Book review: Finding Freedom

Books & Magazines Media & Co

It is the royal book of the year (at least when looking at the amount of publicity): “Finding Freedom. Harry and Meghan and the making of a modern royal family” by royalty journalists Omid Scobie and Carolyn Durand.

In July 2020 I ordered the book at Amazon, but delivery was so slow that I decided to cancel my order the next month, about two weeks after the book had come out. Already in the weeks before 11 August the magazines and newspapers were full of stories about the book, some even seemed to know what was in the book without even having seen it.

I am not fond of books that cause a lot of sensation and publicity. Often they are a disappointment. Late September I finally managed to get the book – in Dutch – via the library. I didn’t necessarily want to write a book review, but some people were so curious that I decided to write something about it after all. I wonder how biased I was about the book already beforehand, but I always read a book in a critical way when I review it. And I do have a few things to say about this book, even when others have done it before me.

  1. The book is clearly written for people who know who Prince Harry, The Duke of Sussex, and Meghan, The Duchess of Sussex are (as a friend pointed out: even mainly for fans). From the first page they are named Harry and Meghan. No proper introduction of the couple, so people who don’t know who they are won’t be attracted to the book at all. Therefore it also hardly creates a distance, so it reads almost like a novel, instead of a proper true story or biography. Although I must admit that it reads pretty well. I was surprised not to find the word Markle in the book until I had passed page 100, and Harry is nearly nowhere called Prince either. Titles are not too often used in the book anyway, except for for the Queen.
  2. Are there a lot of new details in the book? I don’t think so. Having followed the media reports about Meghan and Harry pretty closely since the start I don’t feel that there is anything that I didn’t know, unless it might be tiny details.
  3. The book concentrates on what happened in the media, so a lot of things are missing, or are hardly mentioned, like her first marriage, her clothing collections in Canada. Even the chronology therefore sometimes has a strange order, and seems to have been changed when it was better for the story. “Together: Our Community Cookbook”, much celebrated, is only mentioned after the christening of Archie for example. There is hardly mentioning of the couple’s many activities, unless they were criticized for something.
  4. It also means that several articles receive far more attention than they should receive. Some of these articles I never thought to be true anyway, like that Meghan supposedly was a vegetarian and didn’t want Harry to take place in the Boxing Day hunt 2017, or that they deliberately came one hour late for their January 2018 visit to Wales (as known the British rail was late, not the couple), coloured nail polish. The authors actually do write that these articles were bizarre, which they were, but through the book they get quite a bit of attention once again. And it is funny to see that while the book criticize these articles from especially The Sun and Daily Mail, on the other hand the authors have made use of a lot of the articles that appeared in these media and others over the years extensively. But I surely agree that these articles were damaging and that lots of criticism was not correct at all.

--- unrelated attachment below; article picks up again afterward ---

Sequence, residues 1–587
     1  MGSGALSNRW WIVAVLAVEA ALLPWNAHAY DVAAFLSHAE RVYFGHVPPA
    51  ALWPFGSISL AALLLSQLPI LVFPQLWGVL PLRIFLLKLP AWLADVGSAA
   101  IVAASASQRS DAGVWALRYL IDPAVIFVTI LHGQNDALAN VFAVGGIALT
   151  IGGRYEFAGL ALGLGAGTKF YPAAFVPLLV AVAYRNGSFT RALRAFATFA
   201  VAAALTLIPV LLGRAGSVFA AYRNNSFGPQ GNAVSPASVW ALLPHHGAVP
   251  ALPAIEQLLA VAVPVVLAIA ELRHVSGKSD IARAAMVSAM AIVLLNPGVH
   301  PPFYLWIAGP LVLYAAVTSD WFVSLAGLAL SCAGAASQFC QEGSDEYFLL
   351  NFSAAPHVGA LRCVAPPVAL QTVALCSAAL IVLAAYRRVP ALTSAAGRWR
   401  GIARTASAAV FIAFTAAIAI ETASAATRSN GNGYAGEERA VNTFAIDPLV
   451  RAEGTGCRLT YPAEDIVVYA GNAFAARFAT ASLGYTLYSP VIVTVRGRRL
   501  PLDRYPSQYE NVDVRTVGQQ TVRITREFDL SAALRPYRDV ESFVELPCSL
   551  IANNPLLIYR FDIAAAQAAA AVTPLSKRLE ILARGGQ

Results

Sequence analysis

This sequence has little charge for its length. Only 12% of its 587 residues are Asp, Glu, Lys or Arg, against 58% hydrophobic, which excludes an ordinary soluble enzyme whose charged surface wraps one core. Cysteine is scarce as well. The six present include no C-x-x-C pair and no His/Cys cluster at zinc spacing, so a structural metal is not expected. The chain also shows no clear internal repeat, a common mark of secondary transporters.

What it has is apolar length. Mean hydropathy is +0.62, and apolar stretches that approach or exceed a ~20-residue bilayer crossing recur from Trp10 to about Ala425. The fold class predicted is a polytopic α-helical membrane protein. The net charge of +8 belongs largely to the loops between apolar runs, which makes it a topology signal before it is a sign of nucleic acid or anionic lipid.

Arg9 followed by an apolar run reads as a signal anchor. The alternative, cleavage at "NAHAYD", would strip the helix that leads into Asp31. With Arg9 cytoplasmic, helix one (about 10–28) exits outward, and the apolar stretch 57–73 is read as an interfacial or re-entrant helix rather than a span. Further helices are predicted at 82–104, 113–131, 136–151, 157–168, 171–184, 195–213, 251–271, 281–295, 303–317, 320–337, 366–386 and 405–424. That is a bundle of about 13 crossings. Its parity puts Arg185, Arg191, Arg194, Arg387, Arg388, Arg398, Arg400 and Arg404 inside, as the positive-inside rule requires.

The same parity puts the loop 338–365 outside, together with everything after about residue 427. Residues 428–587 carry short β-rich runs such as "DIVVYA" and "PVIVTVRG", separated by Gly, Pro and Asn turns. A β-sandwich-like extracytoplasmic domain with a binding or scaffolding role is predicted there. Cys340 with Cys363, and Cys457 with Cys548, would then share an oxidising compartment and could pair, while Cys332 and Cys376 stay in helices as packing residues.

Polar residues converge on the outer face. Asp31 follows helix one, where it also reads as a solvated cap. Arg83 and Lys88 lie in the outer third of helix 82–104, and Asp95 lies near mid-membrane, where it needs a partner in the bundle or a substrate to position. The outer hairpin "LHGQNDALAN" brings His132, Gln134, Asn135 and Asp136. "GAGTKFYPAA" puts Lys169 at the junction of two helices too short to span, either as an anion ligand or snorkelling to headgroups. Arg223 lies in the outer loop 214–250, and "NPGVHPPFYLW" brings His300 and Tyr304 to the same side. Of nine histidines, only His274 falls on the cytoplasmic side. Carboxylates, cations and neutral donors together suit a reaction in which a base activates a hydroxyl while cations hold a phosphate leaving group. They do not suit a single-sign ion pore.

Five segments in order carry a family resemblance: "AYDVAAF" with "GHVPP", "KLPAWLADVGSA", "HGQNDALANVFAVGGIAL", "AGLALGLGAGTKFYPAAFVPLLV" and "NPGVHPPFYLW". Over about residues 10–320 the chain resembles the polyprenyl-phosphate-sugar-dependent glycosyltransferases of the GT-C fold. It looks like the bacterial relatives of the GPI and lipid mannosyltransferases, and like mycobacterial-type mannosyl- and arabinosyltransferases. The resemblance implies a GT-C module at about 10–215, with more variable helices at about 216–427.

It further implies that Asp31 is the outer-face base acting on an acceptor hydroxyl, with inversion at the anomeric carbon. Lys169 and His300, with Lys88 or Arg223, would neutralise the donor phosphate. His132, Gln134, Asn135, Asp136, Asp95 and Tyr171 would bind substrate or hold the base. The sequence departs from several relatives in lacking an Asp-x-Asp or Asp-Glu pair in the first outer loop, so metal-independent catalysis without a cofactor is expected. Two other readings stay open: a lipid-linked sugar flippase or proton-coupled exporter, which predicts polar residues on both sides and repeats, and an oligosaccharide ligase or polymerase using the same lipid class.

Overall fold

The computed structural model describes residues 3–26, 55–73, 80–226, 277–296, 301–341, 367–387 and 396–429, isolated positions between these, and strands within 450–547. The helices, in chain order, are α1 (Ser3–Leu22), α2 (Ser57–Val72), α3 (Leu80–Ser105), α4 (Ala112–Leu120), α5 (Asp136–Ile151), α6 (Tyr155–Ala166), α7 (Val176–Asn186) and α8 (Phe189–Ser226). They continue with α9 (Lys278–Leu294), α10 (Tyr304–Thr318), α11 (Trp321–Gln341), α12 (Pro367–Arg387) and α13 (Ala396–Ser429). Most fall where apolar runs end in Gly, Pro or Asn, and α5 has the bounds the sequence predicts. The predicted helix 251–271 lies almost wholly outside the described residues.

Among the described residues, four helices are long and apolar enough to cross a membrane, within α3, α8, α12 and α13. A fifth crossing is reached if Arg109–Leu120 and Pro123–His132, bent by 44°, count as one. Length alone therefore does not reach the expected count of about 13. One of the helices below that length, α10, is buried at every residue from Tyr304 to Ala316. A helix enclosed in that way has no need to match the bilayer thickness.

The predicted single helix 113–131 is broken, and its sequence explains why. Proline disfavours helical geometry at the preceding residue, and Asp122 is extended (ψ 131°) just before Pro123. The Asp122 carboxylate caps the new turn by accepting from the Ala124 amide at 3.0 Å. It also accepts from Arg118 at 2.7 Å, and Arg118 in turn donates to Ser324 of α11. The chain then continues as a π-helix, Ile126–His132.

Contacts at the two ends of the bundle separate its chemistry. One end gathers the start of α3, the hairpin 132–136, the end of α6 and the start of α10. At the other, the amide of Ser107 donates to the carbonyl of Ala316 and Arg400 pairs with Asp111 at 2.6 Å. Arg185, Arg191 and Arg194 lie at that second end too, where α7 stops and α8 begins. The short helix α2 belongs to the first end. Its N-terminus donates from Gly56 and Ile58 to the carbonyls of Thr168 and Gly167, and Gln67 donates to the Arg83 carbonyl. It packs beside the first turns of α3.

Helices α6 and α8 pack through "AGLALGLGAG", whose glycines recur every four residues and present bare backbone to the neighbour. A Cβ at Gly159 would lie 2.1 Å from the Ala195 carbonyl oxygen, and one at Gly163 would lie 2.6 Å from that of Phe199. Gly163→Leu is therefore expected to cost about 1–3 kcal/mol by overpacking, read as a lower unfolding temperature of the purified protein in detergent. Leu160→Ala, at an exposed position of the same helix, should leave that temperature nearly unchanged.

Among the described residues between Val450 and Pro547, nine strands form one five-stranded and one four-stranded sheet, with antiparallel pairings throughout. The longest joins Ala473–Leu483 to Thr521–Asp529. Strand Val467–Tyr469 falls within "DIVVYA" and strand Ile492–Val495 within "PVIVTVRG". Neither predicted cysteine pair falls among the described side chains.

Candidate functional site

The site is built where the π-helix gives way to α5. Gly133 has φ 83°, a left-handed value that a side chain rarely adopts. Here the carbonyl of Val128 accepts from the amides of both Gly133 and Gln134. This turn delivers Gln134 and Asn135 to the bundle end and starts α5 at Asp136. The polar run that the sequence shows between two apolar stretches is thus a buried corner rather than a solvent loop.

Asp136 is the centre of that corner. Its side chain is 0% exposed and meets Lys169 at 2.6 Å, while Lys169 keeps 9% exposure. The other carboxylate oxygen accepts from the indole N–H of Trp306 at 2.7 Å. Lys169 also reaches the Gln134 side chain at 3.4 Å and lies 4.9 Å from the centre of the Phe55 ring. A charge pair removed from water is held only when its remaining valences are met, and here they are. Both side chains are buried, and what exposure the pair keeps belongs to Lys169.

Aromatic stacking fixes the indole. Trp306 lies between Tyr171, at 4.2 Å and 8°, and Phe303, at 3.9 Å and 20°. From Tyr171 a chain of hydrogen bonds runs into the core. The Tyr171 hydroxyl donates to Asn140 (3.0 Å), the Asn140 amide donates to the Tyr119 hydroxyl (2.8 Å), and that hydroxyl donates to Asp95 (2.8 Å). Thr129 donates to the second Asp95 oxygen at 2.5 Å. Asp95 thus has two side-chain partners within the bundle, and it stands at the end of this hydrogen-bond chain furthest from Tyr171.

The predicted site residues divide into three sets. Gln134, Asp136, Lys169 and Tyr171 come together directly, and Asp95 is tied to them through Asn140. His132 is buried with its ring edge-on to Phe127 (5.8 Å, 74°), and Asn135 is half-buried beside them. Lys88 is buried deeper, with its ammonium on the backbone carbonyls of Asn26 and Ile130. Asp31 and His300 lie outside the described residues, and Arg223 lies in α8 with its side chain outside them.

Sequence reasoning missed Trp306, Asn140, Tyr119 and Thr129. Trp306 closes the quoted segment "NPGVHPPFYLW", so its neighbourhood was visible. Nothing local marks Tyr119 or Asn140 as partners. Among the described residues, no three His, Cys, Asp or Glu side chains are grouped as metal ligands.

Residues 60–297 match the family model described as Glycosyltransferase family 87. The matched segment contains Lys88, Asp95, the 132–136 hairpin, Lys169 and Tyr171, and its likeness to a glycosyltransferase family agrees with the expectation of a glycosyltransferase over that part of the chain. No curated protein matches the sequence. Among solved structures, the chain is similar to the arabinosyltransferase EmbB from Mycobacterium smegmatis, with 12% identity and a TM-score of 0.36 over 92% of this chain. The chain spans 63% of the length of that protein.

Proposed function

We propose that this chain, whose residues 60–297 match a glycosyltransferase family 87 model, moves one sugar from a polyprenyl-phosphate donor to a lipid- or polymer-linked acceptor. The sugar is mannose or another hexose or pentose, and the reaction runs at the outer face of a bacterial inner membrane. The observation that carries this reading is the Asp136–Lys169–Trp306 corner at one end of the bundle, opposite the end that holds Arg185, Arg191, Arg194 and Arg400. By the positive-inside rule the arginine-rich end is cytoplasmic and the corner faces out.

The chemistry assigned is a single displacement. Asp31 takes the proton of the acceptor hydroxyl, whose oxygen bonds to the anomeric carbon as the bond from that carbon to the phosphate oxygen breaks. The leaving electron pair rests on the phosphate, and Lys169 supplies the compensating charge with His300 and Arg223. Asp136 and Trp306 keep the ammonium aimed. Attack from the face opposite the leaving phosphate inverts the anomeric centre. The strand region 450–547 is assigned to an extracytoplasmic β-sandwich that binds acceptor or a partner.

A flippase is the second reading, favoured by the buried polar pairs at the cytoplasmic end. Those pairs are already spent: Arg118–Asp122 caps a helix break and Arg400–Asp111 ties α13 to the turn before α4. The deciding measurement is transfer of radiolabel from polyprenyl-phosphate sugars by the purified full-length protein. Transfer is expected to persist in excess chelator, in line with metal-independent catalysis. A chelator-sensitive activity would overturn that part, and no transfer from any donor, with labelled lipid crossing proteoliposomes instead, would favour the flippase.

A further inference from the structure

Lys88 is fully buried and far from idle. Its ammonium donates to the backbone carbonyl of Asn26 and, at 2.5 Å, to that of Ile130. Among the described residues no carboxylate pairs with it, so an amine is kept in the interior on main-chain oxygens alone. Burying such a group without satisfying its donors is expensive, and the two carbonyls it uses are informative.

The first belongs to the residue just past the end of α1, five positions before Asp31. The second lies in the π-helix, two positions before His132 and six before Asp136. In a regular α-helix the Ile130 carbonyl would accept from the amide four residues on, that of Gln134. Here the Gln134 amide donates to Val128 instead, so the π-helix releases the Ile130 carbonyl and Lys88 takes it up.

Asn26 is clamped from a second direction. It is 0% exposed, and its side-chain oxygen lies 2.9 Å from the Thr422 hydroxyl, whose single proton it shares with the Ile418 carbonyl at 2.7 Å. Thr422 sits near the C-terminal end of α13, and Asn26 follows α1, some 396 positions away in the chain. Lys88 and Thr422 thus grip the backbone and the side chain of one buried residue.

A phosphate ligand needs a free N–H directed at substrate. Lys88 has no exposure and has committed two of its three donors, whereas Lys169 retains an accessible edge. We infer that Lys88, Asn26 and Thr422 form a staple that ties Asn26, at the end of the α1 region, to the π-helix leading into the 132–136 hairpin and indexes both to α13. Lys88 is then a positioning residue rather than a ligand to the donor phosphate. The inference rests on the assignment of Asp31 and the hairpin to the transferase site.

5. The book contains lots of whining and negativity, which overpowers the whole book. It seems to have been written mainly with the intention to counter rumors. The book just misses objectivity. It is only about the criticism, and doesn’t mention any other side of the story than the one from Harry and Meghan. I really find that a pity. I would have enjoyed it a lot better if it had been a good and honest biography about the first four years of their relationship.
  6. Interesting there is really nothing new about Archie’s christening, which was a private event of course. Clearly nobody wanted to talk about it. But as godparents one can read the names of Isabel May and Tiggy Pettifer in the text before the part about the christening.
  7. Hardly any sources are being named. That they were able to speak but lots of people, quite close to the royal couple, is almost only clear when they write about what Meghan said or thought about certain things. But I sometimes wondered about things: was it reality or did the writers just needed to combine stories?
  8. I did like the few pages of colour photos of the couple in the middle of the book.

A few tiny mistakes I found, and I am not certain if it was the translator or the writers who made them, as I didn’t see the English version.

While Meghan’s first marriage to Trevor Engelson is situated at the Jamaica Inn in Ocho Rios, Jamaica, on 10 September 2011 in the media, this appears to be the wedding celebration only. Court documents, as Radar Online wrote – with documentation – already in November 2016, say the couple got married on 16 August 2011, separated on 5 July 2013 and that she filed for divorce on 7 August 2013 in Los Angeles.

And did the English version really say that Trooping the Colour 2019 took place on 8 July? The Dutch did, and it actually was 8 June 2019.

Would I recommend the book? Not really. I have read far better ones, although of course not yet on this topic. Beforehand I haven’t read a lot of positive reviews. And although it wasn’t difficult reading the book, I was pretty disappointed and actually glad that I haven’t spend money on it.

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